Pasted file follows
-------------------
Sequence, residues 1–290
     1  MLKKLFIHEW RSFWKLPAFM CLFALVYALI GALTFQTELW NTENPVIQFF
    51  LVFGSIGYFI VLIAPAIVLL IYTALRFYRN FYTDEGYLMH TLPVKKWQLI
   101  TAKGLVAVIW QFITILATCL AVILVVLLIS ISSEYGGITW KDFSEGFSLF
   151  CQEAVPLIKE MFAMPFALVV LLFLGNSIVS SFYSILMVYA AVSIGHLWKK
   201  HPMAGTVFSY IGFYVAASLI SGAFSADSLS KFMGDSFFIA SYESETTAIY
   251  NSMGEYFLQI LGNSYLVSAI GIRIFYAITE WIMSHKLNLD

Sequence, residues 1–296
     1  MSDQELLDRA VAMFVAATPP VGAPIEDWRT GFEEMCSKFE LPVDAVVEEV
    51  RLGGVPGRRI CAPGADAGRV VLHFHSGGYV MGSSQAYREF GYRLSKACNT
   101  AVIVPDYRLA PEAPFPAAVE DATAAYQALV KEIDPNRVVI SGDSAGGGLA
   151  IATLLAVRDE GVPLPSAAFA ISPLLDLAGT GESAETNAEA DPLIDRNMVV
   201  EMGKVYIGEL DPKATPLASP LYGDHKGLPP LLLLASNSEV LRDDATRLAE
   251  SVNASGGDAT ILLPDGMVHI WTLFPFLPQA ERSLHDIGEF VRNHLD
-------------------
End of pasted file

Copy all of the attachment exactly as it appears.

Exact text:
Sequence, residues 1–290
     1  MLKKLFIHEW RSFWKLPAFM CLFALVYALI GALTFQTELW NTENPVIQFF
    51  LVFGSIGYFI VLIAPAIVLL IYTALRFYRN FYTDEGYLMH TLPVKKWQLI
   101  TAKGLVAVIW QFITILATCL AVILVVLLIS ISSEYGGITW KDFSEGFSLF
   151  CQEAVPLIKE MFAMPFALVV LLFLGNSIVS SFYSILMVYA AVSIGHLWKK
   201  HPMAGTVFSY IGFYVAASLI SGAFSADSLS KFMGDSFFIA SYESETTAIY
   251  NSMGEYFLQI LGNSYLVSAI GIRIFYAITE WIMSHKLNLD

Sequence, residues 1–296
     1  MSDQELLDRA VAMFVAATPP VGAPIEDWRT GFEEMCSKFE LPVDAVVEEV
    51  RLGGVPGRRI CAPGADAGRV VLHFHSGGYV MGSSQAYREF GYRLSKACNT
   101  AVIVPDYRLA PEAPFPAAVE DATAAYQALV KEIDPNRVVI SGDSAGGGLA
   151  IATLLAVRDE GVPLPSAAFA ISPLLDLAGT GESAETNAEA DPLIDRNMVV
   201  EMGKVYIGEL DPKATPLASP LYGDHKGLPP LLLLASNSEV LRDDATRLAE
   251  SVNASGGDAT ILLPDGMVHI WTLFPFLPQA ERSLHDIGEF VRNHLD